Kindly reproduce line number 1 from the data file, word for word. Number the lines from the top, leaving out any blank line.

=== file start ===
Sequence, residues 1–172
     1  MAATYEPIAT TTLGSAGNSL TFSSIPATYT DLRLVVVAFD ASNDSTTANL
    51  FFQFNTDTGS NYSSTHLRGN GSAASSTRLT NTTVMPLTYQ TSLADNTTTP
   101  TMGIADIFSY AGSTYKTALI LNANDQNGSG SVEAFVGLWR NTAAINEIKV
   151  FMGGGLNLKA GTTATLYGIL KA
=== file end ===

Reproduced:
Sequence, residues 1–172